The federal guide deals directly with the Privacy Act 1988 (Cth). Substantially similar provisions are also contained in the Information Privacy Act 2009 (Qld).

The standard privacy provisions in GITC are extensive. For example, ‘Part 2 – Customer Contract Provisions’ addresses the transfer of personal information overseas, a common feature of cloud service arrangements unless specific provision is included to ensure the Contractor is required to retain and store all such information onshore. Express consent of the customer department is required prior to transfer of personal information outside Australia.

Standard GITC also provides that the Contractor must fully cooperate with the Customer department to enable it to respond to privacy complaints and applications made by citizens under the Information Privacy Act 2009 to access and amend personal information. The standard provisions contemplate that the parties may agree on further customised provisions to apply to their particular procurement with these provisions taking the form of Additional Provisions. These may be agreed to at the outset and apply from the commencement date of the Customer Contract or be agreed to later during the term of the Contract.

In relation to subcontractors, GITC gives a right to the Customer to require the Contractor to arrange for a subcontractor to execute a privacy deed directly enforceable by the Customer. The federal guide supports the inclusion of further similar provisions which extend beyond the subcontractor to its employees and officers from the commencement date of the Contract. This would require the inclusion of an Additional Provision.

Security

The federal guide emphasises security and the appropriate measures which need to be taken and the Queensland guide strongly endorses and emphasises the need for a risk assessment process to be undertaken. The standard GITC provisions do not include all the security measures recommended in the federal guide. However, GITC allows a Customer department to specify the particular secrecy and security requirements in the General Order, which forms part of the Customer Contract. This is a matter for negotiation between the Contractor cloud service provider and the Customer.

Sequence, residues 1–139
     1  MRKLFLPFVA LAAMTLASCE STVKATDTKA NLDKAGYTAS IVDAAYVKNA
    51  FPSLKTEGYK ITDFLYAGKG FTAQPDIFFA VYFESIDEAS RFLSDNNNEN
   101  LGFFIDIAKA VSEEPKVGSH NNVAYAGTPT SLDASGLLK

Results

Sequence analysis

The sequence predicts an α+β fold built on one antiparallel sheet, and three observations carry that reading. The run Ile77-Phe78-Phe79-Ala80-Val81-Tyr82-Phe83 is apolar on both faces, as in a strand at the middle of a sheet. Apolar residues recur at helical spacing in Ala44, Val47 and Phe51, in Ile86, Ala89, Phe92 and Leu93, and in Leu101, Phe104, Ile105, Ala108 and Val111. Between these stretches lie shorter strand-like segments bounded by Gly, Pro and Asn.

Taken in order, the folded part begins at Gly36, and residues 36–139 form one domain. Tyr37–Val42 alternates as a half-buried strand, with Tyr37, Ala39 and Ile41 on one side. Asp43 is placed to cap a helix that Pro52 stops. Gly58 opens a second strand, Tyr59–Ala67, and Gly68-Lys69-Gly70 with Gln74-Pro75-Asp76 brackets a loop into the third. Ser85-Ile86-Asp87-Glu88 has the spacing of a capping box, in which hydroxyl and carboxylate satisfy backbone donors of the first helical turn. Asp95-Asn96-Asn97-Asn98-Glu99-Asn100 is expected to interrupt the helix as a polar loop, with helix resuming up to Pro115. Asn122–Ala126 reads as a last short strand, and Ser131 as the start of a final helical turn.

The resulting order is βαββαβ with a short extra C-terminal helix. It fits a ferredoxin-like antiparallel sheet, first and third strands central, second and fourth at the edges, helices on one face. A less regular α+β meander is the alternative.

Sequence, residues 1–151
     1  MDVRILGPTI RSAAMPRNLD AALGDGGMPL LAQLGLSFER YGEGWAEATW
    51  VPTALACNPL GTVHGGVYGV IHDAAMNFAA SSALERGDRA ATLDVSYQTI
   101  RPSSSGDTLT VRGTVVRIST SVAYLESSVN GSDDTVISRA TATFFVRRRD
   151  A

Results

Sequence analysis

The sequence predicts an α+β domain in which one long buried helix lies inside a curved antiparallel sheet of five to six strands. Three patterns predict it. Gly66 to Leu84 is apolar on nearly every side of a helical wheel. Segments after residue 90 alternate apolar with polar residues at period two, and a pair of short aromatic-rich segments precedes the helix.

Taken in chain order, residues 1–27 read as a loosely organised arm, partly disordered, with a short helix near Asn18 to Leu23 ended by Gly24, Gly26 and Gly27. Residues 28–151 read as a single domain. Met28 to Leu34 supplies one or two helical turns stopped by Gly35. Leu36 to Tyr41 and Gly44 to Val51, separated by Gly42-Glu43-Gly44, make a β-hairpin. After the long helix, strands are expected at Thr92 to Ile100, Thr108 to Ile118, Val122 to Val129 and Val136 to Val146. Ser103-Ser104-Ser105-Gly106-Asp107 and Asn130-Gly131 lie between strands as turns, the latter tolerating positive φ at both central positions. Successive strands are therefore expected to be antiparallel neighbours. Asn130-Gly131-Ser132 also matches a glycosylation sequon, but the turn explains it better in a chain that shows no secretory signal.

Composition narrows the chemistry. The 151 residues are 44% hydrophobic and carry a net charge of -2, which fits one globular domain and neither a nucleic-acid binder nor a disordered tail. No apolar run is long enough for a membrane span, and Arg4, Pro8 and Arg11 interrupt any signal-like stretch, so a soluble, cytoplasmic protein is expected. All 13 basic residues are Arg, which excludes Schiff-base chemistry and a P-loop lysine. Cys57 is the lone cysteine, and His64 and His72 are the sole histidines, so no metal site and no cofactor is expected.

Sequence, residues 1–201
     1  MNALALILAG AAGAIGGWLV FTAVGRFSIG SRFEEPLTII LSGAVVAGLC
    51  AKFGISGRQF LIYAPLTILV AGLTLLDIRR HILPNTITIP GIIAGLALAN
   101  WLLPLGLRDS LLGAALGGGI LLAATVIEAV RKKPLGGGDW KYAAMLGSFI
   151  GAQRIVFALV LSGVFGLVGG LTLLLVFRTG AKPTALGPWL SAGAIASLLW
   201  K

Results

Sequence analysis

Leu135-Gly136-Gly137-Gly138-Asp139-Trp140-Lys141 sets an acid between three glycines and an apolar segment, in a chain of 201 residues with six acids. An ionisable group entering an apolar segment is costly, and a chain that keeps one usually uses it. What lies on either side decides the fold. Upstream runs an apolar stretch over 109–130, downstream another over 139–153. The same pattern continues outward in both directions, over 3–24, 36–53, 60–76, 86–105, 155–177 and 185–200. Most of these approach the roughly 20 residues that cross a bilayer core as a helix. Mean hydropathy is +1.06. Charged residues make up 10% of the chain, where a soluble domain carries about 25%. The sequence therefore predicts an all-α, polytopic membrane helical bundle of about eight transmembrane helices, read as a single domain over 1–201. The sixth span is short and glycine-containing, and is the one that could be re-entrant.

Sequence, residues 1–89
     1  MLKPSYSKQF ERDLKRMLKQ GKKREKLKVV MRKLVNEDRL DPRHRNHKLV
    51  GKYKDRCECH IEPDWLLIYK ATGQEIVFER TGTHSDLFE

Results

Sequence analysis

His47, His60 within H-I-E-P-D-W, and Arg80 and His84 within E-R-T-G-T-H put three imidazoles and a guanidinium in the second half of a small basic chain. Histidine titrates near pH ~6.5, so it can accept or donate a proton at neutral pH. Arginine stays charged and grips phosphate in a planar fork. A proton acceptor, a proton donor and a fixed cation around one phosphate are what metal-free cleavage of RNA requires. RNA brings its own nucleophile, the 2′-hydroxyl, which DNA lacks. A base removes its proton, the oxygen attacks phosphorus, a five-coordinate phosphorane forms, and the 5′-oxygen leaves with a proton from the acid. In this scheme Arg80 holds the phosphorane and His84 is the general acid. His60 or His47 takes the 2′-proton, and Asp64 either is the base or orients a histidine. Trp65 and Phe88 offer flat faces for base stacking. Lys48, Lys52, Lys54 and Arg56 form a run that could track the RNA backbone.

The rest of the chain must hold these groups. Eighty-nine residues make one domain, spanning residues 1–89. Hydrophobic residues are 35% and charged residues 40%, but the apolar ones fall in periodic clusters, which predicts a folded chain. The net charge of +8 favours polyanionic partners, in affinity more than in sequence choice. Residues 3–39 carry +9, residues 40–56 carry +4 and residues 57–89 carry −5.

Especially where sensitive or mission-critical departmental data is covered by the cloud services, security requirements to be specified in the General Order may also include the right for the Customer to arrange independent testing. This may include penetration testing to establish whether or not the Contractor’s ICT systems satisfy its contractual obligations. The testing would be conducted at the location of the data, which may be offshore.

Confidentiality

GITC’s standard confidentiality provisions are strong and align well with the recommendations in the federal guide. Issues arising with privacy also have application here. The appropriateness of including tailored secrecy and security provisions in the General Order needs to be considered. Alternatively, customised provisions could be included as Additional Provisions. As with privacy, the Customer needs to address whether it requires a provision for deeds of confidentiality which may be enforced directly against the officers and employees of the Contractor or subcontractors.

Audit

GITC contemplates audits being used to review the observance of contractual provisions by the Contractor. The standard GITC provisions do not, however, cover many of the detailed recommendations included in the federal guide. The detailed recommendations address the challenges raised by the possibility that the location of data, or the different locations of various parts of the data, may not be clear and may change from time to time.

Other audit requirement recommendations include contractual provisions addressing clear identification of the Customer’s data in the cloud environment, notice periods required prior to the audit and methods of accessing the data for audit purposes. The federal guide also recommends a specific provision for the appointment of a local (offshore) commercial auditor to conduct the audit. These specific provisions would be included in GITC as Additional Provisions.

Liability and indemnity

The standard GITC provisions dealing with liability and indemnity are broadly consistent with the federal guide.

Scope and exclusion of liability: As the federal guide notes, it is common practice for cloud service providers to seek to exclude their liability for ‘indirect and consequential losses’ due to data loss or misuse of data.